13 Mar: Volvo XC40 TD4 AWD

… Volvo XC40 D4 AWD First Edition …

If the Volvo XC90 is too big for your driveway or too rich for your pocket, Volvo now has the answer. Similarly, if you need, or want, to down-size without losing out on luxury and refinement, Volvo now has the answer, the XC40.

Outwardly it is unmistakably Volvo from the front and rear, joined together by sculpted flanks which sets it apart from its rivals in the burgeoning compact SUV marketplace Whereas many of these other SUVs are hard to tell apart unless you’re looking at the grille, the XC40 has enough of a presence and style to stand out from the crowd.

That tradition is exemplified inside too which just oozes quality and style and comes with all the design touches and finishes that you’d expect from a premium brand. It also has the now familiar Volvo upright ‘tablet style’ touchscreen dash display and infotainment system set in the middle of the dashboard. On first acquaintance with this large 9 inch panel plonked in the middle of the smoothly contoured front cabin, it looks odd and awkward, but once you get used to it, it makes practical sense.

There was however, one rather unsettling design flourish. The air vents at the extreme edge of the dashboard reminded me of the Ford Edsel grille. That was a design classic too, but for all the wrong reasons.

The other main element for which Volvo is renowned is comfort and ride quality. The car might be smaller than its bigger brother/sister but the seats are well-shaped and commodious enough for those who may be down-sizing their car, although not necessarily down-sizing their physical presence! As for ride quality any negative criticism could be attributed to the choice of 19 inch rims and low profile tyres (as opposed to the standard 18 inch jobs) on the test car. Of course they look good, but be careful what you specify if comfort is your goal.

Naturally, this being a Volvo, it has all the safety equipment you’d expect and more, including ‘Run-off Road Protection’, a system which automatically tightens the seatbelts if the car ‘inadvertently leaves the road’. Makes you wonder if the Scandinavian love of rallying had something to do with that, eh?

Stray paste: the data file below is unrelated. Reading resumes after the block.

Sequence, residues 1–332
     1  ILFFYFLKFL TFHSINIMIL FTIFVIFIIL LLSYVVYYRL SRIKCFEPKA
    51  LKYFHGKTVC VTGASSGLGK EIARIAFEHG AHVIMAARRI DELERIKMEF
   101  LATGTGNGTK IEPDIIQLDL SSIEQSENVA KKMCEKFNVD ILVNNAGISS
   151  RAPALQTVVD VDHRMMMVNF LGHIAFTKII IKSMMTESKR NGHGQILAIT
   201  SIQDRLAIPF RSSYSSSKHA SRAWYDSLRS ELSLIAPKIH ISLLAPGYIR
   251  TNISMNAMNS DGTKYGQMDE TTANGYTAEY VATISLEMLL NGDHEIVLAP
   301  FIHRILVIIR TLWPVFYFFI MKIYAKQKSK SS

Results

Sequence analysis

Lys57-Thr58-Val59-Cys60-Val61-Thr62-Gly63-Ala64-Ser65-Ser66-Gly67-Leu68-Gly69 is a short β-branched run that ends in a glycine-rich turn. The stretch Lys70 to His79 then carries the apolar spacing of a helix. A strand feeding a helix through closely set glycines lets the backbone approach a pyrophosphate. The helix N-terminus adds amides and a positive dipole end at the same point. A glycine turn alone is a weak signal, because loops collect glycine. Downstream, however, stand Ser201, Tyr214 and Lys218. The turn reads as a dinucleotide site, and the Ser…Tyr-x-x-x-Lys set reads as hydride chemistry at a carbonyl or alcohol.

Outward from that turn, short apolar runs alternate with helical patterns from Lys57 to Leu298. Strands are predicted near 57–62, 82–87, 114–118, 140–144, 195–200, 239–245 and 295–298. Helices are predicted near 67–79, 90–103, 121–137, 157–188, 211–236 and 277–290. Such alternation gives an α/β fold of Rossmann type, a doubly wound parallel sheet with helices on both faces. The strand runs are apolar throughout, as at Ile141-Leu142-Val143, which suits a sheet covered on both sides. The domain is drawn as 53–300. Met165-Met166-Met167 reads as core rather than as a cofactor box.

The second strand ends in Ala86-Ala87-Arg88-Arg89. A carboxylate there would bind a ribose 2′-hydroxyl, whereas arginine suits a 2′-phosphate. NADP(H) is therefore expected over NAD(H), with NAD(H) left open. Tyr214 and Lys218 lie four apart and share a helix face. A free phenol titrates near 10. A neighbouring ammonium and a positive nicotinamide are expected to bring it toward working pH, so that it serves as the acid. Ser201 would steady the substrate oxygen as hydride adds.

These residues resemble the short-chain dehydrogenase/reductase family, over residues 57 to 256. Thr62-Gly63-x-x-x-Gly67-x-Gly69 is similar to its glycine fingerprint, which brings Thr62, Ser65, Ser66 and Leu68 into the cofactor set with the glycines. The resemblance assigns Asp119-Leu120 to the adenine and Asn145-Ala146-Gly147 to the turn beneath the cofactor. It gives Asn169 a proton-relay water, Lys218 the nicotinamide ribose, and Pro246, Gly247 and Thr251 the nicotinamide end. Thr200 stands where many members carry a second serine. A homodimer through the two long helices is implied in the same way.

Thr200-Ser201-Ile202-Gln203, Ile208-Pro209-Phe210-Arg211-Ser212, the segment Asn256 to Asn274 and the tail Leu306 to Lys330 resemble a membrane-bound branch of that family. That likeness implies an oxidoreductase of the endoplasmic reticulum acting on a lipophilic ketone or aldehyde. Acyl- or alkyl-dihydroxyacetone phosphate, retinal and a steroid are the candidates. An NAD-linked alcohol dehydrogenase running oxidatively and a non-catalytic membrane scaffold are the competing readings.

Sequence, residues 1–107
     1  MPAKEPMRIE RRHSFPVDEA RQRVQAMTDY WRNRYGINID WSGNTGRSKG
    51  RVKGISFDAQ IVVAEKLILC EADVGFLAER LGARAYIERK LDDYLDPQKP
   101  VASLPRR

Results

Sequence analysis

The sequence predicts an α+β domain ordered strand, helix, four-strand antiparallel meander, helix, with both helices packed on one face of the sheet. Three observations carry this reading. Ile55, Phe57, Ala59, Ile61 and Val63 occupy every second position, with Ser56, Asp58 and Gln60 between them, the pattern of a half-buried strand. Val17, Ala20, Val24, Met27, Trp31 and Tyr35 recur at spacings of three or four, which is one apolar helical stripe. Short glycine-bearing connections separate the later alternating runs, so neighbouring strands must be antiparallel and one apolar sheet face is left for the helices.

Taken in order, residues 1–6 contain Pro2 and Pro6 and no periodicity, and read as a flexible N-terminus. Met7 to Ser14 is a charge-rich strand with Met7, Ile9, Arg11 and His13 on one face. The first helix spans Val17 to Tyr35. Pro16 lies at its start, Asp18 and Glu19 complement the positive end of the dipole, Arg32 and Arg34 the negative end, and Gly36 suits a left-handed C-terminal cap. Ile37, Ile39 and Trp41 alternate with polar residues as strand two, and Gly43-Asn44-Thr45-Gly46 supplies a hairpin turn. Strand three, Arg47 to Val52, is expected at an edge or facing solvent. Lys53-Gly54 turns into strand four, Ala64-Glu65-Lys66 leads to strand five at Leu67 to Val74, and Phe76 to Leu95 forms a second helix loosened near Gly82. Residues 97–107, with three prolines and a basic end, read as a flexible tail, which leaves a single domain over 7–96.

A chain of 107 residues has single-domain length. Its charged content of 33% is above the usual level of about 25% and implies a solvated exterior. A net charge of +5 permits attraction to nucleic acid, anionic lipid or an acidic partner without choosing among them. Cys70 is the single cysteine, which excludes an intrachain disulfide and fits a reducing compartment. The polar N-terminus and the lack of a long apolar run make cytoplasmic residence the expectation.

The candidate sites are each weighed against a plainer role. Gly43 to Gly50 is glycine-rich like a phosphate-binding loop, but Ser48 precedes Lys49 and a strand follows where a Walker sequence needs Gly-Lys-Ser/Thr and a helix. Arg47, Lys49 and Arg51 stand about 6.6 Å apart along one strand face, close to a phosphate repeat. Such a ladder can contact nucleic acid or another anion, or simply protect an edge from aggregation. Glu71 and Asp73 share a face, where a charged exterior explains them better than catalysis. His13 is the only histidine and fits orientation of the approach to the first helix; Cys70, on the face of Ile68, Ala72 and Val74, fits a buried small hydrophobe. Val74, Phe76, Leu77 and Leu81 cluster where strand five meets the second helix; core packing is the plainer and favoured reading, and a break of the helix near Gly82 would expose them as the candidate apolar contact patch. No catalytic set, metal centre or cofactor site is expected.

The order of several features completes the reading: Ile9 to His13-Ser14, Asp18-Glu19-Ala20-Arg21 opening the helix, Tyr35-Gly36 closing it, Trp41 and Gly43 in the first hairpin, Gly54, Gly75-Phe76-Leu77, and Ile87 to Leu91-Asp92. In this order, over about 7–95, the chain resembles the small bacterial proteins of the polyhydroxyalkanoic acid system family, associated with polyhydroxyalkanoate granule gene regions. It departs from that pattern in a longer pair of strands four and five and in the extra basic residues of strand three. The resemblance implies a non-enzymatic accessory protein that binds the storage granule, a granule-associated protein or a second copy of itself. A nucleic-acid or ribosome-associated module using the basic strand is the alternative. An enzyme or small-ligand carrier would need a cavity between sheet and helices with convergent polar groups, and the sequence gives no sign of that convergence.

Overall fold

Similarly, the car has ‘Oncoming Lane Mitigation’ which guides the vehicle back if it drifts out of its lane and the full ‘City Safety’ front collision warning with full automatic emergency braking in case of wayward pedestrians or cyclist or as Volvo puts it “large animals”. And in case you think that’s superfluous in this country, think deer, coos and even sheep, especially when travelling late through the Scottish countryside.

Also incorporated in the test car was the Pilot Assist system which eases the strain on Motorway driving by ensuring the car stays between the white lines and works with the adaptive cruise control to ensure that you don’t get too close to the vehicle in front. It’s not yet a hands-off system, but you get the feeling that this will be next as manufacturers gradually introduce autonomous driving technology across their ranges of vehicles.

Under the bonnet is a 2 litre turbo diesel with 190 bhp and an 8-speed auto-box to manage it. I’m still not a fan of the Volvo automatic, it’s slower than I would like, but that’s a personal thing and folk will have to make up their own mind. For everyday use, it’s fine, but if you’re pressing on then you have to bear it in mind.

It’s quick, quiet and smooth, but I couldn’t get near the claimed 55.4 urban mpg consumption figure but maybe that says more about my driving than the laboratory tests.

Pricing starts from £27,905 but the test car came loaded with extras which pushed the price up to £39,905. That pitches it into serious rival territory, but the Volvo is man/woman enough to compete with allcomers.

There’s much to like about the XC40. It’s compact dimensions, interior comfort, exterior style and pace. It also has a flat boot floor when the rear seats are folded and parking camera 360 degree surround view. I’d be perfectly happy to own one even with its occasionally hesitant gearbox – it’s not enough to put me off. Just that I expect better from Volvo.

  • Review Date: March 13, 2018
  • Price
    £39,905 (as tested)
  • Engine
    1969cc, 4 cylinder turbo diesel with 190 bhp
  • Performance
    0-62 mph in 7.9 secs, flat out at 130 mph
  • Economy
    55.4 mpg (combined)
  • CO2 emissions
    135 k/gm

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